Energy lever of pressure against China and Turkey
Sanctions against Iran are used to indirectly leverage pressure on China and Turkey, buying large amounts of Iranian oil, with which the White House has a rather complicated relationship. The US-China trade war is in full swing due to the disagreements over the economic issues. The US is demanding that China stop stealing American technology, obliges US firms to share technical documentation with the Chinese side, in order to get permission to do business in the Middle Kingdom. The US has also increased import duties to push Chinese goods out of the American market. In September, the United States imposed new duties on Chinese goods for $ 200 billion, while China introduced duties on American products, equivalent to $ 60 billion. Relations between the United States and Turkey are also rather problematic. Turkish President Recep Erdogan distances himself from NATO, emphasizes strengthening regional influence in the Middle East, rapprochement in the military-political and energy sphere with Russia and Ira (in opposition to the strategic alliance of the United States, Israel, and Saudi Arabia).
The White House wants to use sanctions to deprive China and Turkey of access to Iranian oil and increase their energy dependence on American allies in the Middle East and, possibly, the American suppliers. If China and Turkey continue to buy Iranian oil, they may face US restrictive measures.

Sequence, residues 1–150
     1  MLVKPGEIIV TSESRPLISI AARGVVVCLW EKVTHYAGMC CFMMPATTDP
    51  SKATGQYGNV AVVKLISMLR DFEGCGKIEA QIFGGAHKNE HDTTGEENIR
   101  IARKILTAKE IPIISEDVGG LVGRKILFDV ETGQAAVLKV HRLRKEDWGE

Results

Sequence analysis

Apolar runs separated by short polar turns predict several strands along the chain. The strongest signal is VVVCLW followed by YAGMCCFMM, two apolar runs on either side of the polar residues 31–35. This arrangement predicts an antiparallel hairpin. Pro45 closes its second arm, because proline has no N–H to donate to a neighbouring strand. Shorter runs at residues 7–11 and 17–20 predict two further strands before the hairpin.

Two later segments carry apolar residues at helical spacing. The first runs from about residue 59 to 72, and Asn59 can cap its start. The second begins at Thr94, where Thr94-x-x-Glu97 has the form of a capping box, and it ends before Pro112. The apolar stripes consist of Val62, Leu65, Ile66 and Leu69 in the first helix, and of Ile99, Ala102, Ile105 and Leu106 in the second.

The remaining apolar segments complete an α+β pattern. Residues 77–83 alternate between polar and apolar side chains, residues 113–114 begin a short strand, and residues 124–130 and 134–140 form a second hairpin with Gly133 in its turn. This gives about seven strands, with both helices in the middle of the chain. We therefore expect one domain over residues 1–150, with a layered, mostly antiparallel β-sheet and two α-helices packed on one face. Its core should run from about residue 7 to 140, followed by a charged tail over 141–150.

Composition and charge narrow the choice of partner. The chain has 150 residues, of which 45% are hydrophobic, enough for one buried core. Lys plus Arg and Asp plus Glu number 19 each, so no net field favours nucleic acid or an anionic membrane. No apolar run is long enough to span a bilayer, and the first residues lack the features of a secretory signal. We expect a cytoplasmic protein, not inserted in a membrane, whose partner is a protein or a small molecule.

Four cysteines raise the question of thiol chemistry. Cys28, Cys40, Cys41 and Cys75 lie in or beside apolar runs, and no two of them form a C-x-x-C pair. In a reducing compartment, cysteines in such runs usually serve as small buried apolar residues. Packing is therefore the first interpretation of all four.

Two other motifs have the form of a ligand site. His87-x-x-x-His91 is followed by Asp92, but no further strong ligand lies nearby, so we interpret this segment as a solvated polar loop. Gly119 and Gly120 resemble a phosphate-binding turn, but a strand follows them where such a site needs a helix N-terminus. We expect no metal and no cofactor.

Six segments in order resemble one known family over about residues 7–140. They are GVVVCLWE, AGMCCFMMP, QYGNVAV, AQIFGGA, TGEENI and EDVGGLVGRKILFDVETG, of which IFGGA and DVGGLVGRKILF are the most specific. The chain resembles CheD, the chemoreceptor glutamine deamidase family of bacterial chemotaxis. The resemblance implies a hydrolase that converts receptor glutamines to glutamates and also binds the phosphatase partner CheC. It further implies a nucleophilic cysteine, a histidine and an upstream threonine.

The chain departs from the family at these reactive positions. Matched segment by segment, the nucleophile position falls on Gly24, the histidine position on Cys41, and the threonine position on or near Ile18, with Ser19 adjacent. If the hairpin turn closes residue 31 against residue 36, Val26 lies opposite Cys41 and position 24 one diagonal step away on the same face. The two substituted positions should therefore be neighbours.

It seems that the Republicans want to tighten the pressure against Iran to the full extent until January 1, 2019. Then the composition of the House of Representatives of the US Congress (which is now dominated by the Democrats) would change. Following the midterm elections, the Democrats will form a majority in the House of Representatives (they to receive 226 of 435 seats), and they will head all the committees. Republicans managed to save the majority only in the Senate.
Under the Democrats’ dominance in the House of Representatives, sentiments towards the return of the United States to the observance of a “nuclear deal” with Iran might reveal and increase. Any bill requires the approval of both houses of the Congress, and it will not be easy to gain Democrats’ support. Trump has restored the sanctions in advance, while the initiative is still in the hands of Republicans. Although despite disagreements with the president on the issue of a “nuclear deal,” both Republicans and Democrats support sanctions against Iran. In October 2017, the House of Representatives unanimously supported the bill on sanctions against Iran in response to the development and testing by Iran of ballistic missiles. No matter how skeptical the US lawmakers are about Trump’s withdrawal from the “nuclear deal,” both Republicans and Democrats are worried by Iran’s behavior.